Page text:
keys require a user-id

Robert J. Hansen rjh at
Mon May 18 18:16:58 CEST 2020

> And by that changing the distributed system of keyservers into a
> centralized key database like PGP tried this with their Universal
> Server.  Which unavoidable will change OpenPGP to a centralized systems.

I think that's a little excessive, Werner.  OpenPGP was always intended
to be flexible on the subject of certificate distribution, and there are
many use cases where a single authoritative keyserver is preferred over
a distributed federation.

In 2001 I was the chief system administrator for a law firm which used
OpenPGP to secure client communications.  (It didn't require clients to
use OpenPGP but provided it as an option for clients who were concerned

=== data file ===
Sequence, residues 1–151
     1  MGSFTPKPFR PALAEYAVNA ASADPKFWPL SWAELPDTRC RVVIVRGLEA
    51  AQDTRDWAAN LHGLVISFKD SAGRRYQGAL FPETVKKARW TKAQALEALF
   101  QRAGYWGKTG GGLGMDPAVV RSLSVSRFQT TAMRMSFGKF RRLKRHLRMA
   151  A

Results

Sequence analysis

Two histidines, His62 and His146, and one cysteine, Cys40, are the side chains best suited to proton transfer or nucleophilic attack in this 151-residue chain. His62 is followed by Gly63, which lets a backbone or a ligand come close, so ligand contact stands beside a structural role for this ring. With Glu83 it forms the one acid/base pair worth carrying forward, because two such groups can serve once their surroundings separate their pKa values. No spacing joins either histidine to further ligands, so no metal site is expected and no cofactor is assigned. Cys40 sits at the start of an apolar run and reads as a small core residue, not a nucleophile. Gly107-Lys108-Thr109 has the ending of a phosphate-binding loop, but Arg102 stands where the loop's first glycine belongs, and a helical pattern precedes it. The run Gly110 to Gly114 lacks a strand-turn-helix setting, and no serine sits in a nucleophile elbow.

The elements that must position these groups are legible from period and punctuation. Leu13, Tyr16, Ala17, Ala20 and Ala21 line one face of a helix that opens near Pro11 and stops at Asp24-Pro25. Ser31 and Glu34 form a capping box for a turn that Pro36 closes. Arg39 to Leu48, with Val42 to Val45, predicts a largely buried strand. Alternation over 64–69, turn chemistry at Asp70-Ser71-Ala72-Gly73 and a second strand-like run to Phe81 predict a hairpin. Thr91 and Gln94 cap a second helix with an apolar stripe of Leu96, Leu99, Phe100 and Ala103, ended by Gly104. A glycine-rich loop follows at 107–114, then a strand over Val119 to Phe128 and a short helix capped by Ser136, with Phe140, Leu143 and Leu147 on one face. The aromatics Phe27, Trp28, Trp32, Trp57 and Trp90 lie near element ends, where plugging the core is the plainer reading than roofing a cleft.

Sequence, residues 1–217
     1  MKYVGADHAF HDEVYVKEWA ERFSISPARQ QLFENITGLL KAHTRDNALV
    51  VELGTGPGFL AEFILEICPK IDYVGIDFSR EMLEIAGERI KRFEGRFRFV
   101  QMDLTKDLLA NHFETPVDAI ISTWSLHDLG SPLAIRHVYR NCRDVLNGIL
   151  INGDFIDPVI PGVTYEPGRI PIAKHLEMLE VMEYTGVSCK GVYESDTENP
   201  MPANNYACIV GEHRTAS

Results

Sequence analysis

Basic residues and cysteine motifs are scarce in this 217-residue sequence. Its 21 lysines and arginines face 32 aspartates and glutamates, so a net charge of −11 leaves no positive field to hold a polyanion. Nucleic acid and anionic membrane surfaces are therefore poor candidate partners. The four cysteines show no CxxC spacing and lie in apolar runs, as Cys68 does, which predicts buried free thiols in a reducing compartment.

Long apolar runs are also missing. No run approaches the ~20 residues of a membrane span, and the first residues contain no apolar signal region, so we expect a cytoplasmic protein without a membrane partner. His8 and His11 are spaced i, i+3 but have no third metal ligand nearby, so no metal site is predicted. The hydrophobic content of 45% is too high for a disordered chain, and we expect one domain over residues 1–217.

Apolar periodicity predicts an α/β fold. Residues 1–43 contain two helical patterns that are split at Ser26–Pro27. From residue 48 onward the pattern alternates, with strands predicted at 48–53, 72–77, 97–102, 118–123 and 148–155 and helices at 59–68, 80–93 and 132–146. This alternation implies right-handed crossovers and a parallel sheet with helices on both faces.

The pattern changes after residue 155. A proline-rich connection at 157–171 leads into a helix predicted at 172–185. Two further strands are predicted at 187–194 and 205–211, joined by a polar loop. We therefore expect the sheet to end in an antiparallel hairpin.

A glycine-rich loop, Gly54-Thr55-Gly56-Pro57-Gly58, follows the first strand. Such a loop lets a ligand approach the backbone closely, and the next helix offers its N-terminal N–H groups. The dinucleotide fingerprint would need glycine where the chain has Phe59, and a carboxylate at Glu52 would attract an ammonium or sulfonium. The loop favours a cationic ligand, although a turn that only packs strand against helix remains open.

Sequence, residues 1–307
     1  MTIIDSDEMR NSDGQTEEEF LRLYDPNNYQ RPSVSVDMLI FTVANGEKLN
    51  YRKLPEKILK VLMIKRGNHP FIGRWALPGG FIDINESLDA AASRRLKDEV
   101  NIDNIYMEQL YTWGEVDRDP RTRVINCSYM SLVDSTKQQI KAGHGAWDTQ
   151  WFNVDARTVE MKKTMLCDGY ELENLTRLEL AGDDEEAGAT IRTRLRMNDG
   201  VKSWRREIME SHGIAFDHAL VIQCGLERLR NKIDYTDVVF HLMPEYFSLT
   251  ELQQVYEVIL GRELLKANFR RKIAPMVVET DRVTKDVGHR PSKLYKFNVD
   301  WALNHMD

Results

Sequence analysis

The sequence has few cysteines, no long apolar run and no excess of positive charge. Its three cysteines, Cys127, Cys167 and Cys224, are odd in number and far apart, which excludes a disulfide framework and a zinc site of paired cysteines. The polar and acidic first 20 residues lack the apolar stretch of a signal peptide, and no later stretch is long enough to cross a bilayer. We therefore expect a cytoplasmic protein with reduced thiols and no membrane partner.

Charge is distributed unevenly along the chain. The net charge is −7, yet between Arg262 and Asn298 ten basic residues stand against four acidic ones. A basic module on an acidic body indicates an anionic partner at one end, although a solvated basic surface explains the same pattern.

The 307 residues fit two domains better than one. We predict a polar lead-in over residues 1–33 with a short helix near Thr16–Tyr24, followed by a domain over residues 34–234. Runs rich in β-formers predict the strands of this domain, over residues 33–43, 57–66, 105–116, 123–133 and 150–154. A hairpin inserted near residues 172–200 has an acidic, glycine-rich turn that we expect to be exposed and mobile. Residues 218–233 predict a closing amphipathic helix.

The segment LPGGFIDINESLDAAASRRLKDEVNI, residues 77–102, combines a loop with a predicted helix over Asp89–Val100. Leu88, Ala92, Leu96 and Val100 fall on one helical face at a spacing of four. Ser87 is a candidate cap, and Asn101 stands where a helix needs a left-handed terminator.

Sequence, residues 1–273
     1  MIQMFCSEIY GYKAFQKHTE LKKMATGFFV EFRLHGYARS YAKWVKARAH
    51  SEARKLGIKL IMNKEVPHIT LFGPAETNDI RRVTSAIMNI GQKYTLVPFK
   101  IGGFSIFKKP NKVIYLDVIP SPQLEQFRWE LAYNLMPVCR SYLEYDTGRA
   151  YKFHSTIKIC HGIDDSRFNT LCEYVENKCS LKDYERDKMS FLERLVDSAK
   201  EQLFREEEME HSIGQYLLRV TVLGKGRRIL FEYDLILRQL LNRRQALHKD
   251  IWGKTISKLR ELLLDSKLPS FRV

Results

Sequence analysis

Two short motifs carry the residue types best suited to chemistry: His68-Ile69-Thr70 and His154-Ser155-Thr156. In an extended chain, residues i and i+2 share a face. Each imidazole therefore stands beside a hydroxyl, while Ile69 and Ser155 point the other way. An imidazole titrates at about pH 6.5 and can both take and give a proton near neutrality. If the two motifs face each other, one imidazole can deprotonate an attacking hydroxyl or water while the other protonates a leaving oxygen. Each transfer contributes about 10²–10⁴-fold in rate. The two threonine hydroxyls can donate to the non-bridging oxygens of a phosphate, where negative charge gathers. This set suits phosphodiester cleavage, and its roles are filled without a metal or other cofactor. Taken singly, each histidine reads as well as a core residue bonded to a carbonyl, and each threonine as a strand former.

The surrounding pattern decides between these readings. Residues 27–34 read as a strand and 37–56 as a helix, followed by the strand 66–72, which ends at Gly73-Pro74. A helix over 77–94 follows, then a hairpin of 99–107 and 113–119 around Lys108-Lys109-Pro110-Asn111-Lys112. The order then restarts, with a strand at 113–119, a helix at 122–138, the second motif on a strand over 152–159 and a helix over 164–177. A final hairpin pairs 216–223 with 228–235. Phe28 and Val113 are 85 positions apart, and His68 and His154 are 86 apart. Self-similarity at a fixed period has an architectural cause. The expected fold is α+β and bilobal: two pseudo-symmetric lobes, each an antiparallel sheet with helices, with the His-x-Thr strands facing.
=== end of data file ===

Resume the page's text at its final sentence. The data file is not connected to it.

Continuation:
about email privacy.)  The procedure was simple: when you opted into
OpenPGP you showed up at your attorney's office in person with your
certificate burned on a CD.  Your attorney then called in a member of
the sysadmin staff (usually me) who would check fingerprints with you,
before signing it with the firm's trusted-introducer key and uploading
it to the firm's own keyserver.

Doing it this way meant we could skip long conversations about, "but
can't anybody get my certificate if it's on the internet?"  Instead of
spending 30 minutes talking about why it's okay if public certificates
are shared, we could instead just say "we're not going to share your
public key with anyone without your written consent" and spend those 30
minutes talking abut more productive things.

Centralized key management schemes are sometimes very useful.

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